The space doesn’t offer environmental controls for factors such as temperature or humidity, he said, adding that as documents age and become more fragile, the collection is being degraded by dust, exposure to light and by insects.
Wilkins also expressed concerned about the lack of space.
“The archives are out of space and yet the donations keep coming in as individuals in our community, many who were here working on the Manhattan Project, recognize the significance of items they have and bring them to the Society,” Wilkins said.
Wilkins also addressed lack of workspace as an equally key issue. There’s no room left to work with the documents, he said, pointing to stacks of documents on shelves that are piled high within the cramped space.
“This really limits the ability for researchers to safely and effectively retrieve and examine various articles,” Wilkins said.
The authors of dozens of books, including Pulitzer Prize winners, have used the archive’s material in developing their manuscripts and the county should have an adequate facility that offers not only proper storage, but a place for research to occur, he said.
Unlike county records, which can be disposed of after a certain period of time, the historical society retains all historical artifacts, records and other historical collections. “We have a responsibility to the public to collect the documents and artifacts for the education and enjoyment of posterity, yet the current space in the lodge doesn’t meet present day curatorial and environmental standards,” he said.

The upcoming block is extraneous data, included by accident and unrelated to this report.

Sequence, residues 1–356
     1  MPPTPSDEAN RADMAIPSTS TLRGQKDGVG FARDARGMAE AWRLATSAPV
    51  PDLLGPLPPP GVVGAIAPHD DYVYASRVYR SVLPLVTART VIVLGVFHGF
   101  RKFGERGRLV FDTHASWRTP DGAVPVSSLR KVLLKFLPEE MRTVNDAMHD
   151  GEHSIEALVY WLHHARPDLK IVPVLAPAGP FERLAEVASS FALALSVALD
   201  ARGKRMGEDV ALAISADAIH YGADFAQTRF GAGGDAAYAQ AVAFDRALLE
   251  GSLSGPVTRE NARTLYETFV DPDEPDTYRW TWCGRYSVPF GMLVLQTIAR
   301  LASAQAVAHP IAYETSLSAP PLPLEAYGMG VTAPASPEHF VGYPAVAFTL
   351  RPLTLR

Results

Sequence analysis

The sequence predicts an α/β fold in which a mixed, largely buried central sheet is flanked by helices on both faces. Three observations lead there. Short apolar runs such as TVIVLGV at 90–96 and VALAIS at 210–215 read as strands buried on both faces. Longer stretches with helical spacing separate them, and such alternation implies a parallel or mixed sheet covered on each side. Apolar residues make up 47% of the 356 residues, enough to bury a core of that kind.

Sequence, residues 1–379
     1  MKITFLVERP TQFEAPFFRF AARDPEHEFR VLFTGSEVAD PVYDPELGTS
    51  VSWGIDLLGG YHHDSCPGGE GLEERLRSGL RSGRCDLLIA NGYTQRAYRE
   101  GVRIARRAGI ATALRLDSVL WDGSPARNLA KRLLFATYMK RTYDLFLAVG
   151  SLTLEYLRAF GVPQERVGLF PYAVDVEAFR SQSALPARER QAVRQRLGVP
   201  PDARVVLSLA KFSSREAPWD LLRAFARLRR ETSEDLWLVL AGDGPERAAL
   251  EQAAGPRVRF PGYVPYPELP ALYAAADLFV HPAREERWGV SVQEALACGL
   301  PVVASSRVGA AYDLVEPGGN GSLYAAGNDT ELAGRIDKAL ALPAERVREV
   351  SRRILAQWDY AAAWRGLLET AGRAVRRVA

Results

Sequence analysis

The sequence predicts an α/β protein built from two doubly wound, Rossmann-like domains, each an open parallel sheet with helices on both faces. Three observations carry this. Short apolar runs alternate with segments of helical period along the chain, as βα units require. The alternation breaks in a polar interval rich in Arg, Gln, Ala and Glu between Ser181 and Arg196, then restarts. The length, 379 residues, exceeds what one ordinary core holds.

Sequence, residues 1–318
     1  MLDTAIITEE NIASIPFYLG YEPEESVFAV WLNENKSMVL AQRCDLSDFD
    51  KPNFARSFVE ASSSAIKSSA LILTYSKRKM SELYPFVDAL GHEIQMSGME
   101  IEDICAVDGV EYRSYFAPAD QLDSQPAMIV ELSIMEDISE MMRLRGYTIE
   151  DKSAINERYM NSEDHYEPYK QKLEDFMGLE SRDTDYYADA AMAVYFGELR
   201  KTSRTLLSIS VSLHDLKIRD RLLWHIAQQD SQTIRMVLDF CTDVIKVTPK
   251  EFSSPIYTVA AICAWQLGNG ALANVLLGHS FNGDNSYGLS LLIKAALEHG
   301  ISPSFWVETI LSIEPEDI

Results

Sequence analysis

Wilkins said historical society members are very concerned about the risk of fire and loss of the entire collection because there is no sprinkler system in Fuller Lodge in the archives area.
There have been several life and safety code violations issued by the Fire Marshal in past years, he added, such as the fact that the current floor loading for files and low ceilings are a problem. These kinds of structural deficiencies inside Fuller Lodge exacerbate the issues of storage and retrieval and lead to the collection taking up even more floor space to make up for the lack of ceiling height.